IFW Global is at the forefront of investigating cryptocurrency scams. Digital and virtual currencies secured by cryptography – cryptocurrencies – have been around for more than a decade now, and people from all walks of life have been legitimately using and trading this new type of currency for great rewards.

Unfortunately, with any new investment opportunity, an influx of investment fraud and scam attempts also arises. In 2018, the Australian Competition and Consumer Commission reported that cryptocurrency fraud had become the second most common type of investment scam affecting Australians.

What Is Cryptocurrency?

Although they’re often thought of as a new trend, cryptocurrencies have been in development for a long time. Bitcoin, the most well-known cryptocurrency, was launched in 2009. More than 2,000 cryptocurrencies are active on the international market.

Standard currencies (such as the Australian dollar) are centralised and regulated. These have a middleman (a bank or the government) to keep a record of how much currency is available and who has what. This helps to track fraud attempts, such as counterfeiting.

A cryptocurrency is a peer-to-peer trading system that has no middleman. Instead, all logs are recorded in a ‘blockchain’. People who own some of a particular cryptocurrency all keep track of payments and transfers of money. If person A sends a bitcoin to person B, every bitcoin owner is notified. The blockchain speaks to participants’ computers, and when they all agree on where the money is, an extra ‘block’ is added to the chain with updated balances and the whereabouts of the money.

Cryptocurrency Investment Scams

Cryptocurrency investment scams include Initial Coin Offerings (ICOs). These are ways that new cryptocurrencies fund their startup by offering new investors the opportunity to receive coin tokens in return for money. While legitimate ICOs do exist for the development of genuine cryptocurrencies, they are also a favourite mechanism used in cryptocurrency fraud.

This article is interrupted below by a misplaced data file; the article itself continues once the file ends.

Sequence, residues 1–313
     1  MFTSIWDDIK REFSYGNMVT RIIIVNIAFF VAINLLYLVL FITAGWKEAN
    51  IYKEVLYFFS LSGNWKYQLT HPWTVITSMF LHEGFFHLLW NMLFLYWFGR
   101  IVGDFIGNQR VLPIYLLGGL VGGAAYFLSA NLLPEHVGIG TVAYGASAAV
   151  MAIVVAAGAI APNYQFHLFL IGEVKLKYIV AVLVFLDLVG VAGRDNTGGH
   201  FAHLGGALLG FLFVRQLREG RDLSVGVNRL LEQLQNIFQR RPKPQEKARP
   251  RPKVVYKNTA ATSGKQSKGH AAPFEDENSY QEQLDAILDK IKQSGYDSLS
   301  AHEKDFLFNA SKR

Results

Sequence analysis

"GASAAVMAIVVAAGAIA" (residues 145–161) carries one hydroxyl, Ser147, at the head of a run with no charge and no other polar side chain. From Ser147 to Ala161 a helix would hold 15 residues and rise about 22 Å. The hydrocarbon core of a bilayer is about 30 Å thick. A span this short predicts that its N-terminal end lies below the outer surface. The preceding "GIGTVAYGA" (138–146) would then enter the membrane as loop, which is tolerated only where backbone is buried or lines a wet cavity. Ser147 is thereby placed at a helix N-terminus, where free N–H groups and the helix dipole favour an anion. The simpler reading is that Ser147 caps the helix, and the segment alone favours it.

Many ICOs are marketed without any real technology or legitimate business plans to back them by individuals or small groups with little to no industry or IT experience. In recent years regulatory bodies have prosecuted scam ICO perpetrators. In 2019, the US Securities and Exchange Commission charged the CEO of a software company worth $42million, for defrauding investors through an ICO.

Cryptocurrency Trading Scams

As with any type of investment, malicious individuals and scam groups have found numerous ways to defraud well-meaning investors out of their hard-earned funds. The cryptocurrency trading market is rife with unregulated brokers who use dodgy tactics to steal investments or fleece investors out of more cash. Often these operatives work from call centres, usually based overseas, by cold calling people with enticing offers and promises of hot tips that will return high dividends.

Facebook Scams, Fake News and Bogus Bitcoins

One example cryptocurrency-related fraud is the advertisements you may have seen on popular social media platforms. These often show up on Facebook using photos of well-known celebrities such as Mel Gibson, to entice people into cryptocurrency investments. These scams are perpetrated by organised criminal gangs across the world, who prey on people’s lack of knowledge in this area.

Protect yourself by reading more about Facebook crypto scams in our article IFW Global Exposes A Massive Crypto Con and listening to our podcast episode CryptoCon.

Have you been involved in a cryptocurrency scam?

Just like many types of investment fraud, cryptocurrency scams are often carried out internationally – sometimes across many jurisdictions. This is to limit and frustrate law enforcement in tracking scammers and to make it harder for investors to reclaim their money.

If located in Australia, these scams should be reported to the ACCC via its ‘report a scam’ page so others can be warned about current scams and they can be disrupted where possible. If you are located overseas, these scams need to be reported to your local authority.

If you’re the victim of a cryptocurrency scam, we want to help you. Please contact us to discuss your experience with cryptocurrency fraud.

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